LGBT Favela Leaders Discuss Rights in Their Communities

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This month, LGBT leaders from several favelas in Rio de Janeiro gathered to discuss the current state of LGBT rights in Rio communities.

The Rio Communities LGBT Meet-Up took place on December 10 in the Adauto Belarmino Auditorium in Central do Brasil with the participation of about 60 people of all ages.

Fernando Veloso, chief of Rio’s Civil Police, made a brief appearance and spoke first. He assured the attendees LGBT issues are on his department’s radar, and training for police officers regarding how to respectfully approach LGBT residents is underway.

“Our mission is not to arrest you,” Velozo told the crowd. “Our mission is to secure your rights.”

Claudio Nascimento, coordinator of Rio Sem Homofobia (Rio Without Homophobia), officially commenced the event with a brief introduction of the meaning of sexuality, homophobia and citizenship. The purpose of the event, he said, was to identify the most common problems faced by the LGBT community in favelas and debate solutions.

He said Rio Sem Homofobia is looking to develop more projects in favelas and will begin establishing LGBT centers in several communities. The goal, he said, is to tackle homophobia and transphobia and to make sure the LGBT community does not continue to be neglected by public programs such as Bolsa Família.

Nascimento’s presentation was followed by a roundtable discussion among community leaders from Complexo da Maré, Complexo do Borel, Comunidade Mato Alto, Complexo do Alemão, Complexo da Penha, Cidade de Deus, Cidade Alta, and Cinco Bocas. Each leader painted a picture of what life is like for them in their community and described human rights projects they initiated or collaborated with to improve the quality of life for members of the LGBT community.

Laura Mendes, for example, works for a group called Além do Arco-Íris (Beyond the Rainbow), a project sponsored by AfroReggae that offers a meeting point for transgender people in Rio to discuss psychology, advocacy, medicine and international relations. It also offers help finding employment options and working through the process to acquire a “social name” under law.

Mendes described a chilling story about her struggles growing up as a transgender person without understanding parents and in an intolerant society. She said she lived “in the shadows” for a long time, spent a period of her life behind bars, where discrimination was just as hurtful. However, her life turned around when she was finally given a chance and offered a job.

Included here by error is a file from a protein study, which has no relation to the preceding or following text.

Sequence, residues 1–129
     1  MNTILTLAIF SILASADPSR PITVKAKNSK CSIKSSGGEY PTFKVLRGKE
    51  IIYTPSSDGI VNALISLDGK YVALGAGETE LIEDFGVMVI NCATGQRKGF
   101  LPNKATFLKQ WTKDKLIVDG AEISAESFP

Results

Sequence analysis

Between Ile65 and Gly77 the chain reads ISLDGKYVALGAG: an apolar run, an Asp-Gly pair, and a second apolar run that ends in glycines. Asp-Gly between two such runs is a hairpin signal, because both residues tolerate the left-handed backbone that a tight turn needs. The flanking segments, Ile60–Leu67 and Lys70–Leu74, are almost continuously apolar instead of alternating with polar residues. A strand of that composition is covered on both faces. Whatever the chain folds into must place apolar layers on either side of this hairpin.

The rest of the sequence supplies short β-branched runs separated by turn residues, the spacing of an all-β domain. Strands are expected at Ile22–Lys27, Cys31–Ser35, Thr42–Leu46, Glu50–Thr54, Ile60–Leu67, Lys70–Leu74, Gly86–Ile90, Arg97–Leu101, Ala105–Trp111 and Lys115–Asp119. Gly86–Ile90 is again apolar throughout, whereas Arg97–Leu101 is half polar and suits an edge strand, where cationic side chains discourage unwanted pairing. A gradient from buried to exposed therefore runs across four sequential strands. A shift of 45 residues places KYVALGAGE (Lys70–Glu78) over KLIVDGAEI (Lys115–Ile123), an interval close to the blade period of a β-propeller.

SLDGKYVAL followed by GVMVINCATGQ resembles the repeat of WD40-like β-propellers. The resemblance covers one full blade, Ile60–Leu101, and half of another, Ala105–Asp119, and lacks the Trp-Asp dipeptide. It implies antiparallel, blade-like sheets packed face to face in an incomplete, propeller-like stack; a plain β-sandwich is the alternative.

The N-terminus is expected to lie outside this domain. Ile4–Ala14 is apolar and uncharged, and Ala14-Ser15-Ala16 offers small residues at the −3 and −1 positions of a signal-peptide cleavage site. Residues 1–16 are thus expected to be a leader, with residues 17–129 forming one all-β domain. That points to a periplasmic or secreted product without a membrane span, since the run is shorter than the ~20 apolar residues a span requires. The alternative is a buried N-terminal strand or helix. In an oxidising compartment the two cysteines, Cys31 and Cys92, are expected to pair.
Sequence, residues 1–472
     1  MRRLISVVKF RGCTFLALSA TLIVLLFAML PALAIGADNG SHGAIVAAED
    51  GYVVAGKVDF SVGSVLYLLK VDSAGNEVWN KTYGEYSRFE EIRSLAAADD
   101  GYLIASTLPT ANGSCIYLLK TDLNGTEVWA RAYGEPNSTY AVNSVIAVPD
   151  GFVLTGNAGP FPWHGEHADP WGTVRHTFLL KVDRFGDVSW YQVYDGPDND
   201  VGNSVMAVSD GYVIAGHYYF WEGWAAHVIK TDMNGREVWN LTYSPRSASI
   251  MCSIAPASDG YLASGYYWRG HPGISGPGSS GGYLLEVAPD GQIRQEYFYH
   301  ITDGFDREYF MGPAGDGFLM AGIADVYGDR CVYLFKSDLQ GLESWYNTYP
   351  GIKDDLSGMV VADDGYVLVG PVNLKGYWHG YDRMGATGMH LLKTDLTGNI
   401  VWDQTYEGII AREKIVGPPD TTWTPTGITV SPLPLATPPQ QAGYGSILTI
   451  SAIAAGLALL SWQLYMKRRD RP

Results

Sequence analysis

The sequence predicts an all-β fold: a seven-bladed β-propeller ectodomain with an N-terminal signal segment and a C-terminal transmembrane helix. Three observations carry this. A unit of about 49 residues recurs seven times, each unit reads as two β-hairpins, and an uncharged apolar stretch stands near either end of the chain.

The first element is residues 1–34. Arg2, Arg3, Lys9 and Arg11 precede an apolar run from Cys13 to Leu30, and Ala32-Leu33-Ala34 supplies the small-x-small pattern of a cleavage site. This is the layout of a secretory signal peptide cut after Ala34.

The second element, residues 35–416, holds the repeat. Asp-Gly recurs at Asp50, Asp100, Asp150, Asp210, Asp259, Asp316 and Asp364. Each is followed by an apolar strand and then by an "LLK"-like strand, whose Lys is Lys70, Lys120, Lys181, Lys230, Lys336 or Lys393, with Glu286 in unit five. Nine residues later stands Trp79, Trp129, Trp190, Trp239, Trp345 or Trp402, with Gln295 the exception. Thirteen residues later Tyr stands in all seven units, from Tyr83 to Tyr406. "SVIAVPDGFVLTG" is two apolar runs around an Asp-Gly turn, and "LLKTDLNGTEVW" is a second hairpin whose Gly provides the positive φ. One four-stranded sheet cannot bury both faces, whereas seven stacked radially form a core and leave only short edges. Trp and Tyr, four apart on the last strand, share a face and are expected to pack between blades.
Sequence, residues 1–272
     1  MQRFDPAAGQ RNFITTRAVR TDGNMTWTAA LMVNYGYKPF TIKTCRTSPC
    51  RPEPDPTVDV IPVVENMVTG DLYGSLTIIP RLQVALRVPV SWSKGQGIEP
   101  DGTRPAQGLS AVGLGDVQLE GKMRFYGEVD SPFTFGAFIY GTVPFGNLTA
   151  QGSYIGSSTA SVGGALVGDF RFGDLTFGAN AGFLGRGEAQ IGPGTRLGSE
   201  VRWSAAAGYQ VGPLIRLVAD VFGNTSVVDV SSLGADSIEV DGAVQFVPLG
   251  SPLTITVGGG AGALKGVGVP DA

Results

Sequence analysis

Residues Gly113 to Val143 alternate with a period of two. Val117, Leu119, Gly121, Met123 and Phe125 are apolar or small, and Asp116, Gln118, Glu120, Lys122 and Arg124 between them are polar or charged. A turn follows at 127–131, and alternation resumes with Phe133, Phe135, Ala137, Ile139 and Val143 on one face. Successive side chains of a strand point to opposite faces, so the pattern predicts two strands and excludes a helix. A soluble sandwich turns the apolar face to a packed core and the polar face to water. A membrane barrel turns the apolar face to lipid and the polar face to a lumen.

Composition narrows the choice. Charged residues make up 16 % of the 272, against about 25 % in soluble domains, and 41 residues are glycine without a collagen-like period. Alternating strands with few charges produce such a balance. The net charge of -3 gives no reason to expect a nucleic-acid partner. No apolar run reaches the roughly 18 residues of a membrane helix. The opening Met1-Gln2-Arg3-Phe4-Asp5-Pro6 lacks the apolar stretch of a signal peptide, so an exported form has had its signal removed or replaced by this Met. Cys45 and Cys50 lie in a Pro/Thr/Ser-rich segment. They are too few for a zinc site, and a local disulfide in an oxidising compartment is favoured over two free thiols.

“Everyone has the right to live,” Mendes said. “If you give us transvestites and transexuals just one opportunity, one chance.”

Several leaders identified the most pressing issues for the LGBT community and the most common included the lack of courteous and indiscriminating medical treatment, of employment opportunities, of government participation in dispelling stereotypes and tackling public intolerance specifically in favelas.

Carla Silva, from Complexo do Borel, said she has had uncomfortable experiences with health workers who are not properly trained to serve the LGBT community. She said perhaps the government should conduct seminars with them and spark dialogue about how to respectfully approach an LGBT patient.

“They should train health professionals a lot more,” she said. “A lot of times, LGBT community members are embarrassed to enter a clinic or speak to a doctor.”

Mauro Lima Dos Santos from Complexo da Maré said the LGBT communities in favelas struggle to be recognized. Many times, he said, they build “their own favela within the favela” for fear of discrimination and violence.

Following the roundtable discussion, the audience was asked to participate in smaller discussion groups to debate problems and solutions for the LGBT community. Each group then presented a list of issues and propositions to another table of 12 government leaders including: João Mariano, Human Rights and Social Assistance Secretary of State; Denise Pires, from the State Department of Health; and Julio Moreira, president of the LGBT Council of Rio de Janeiro.

Nascimento then concluded the seminar by thanking all guests and the audience for attending. He also said he hoped another seminar could be held in the future to benchmark the progress in each community.

“There are ways out, there are solutions, and together we can build those solutions,” he said.

Last Saturday, Luiz Antônio de Moura, 41, LGBT community leader in Complexo de Alemão was assassinated. The motives behind the assassination have not been confirmed by police, but Nascimento has reportedly said he was informed that Moura’s death could’ve been due to his support of the UPP in the favela.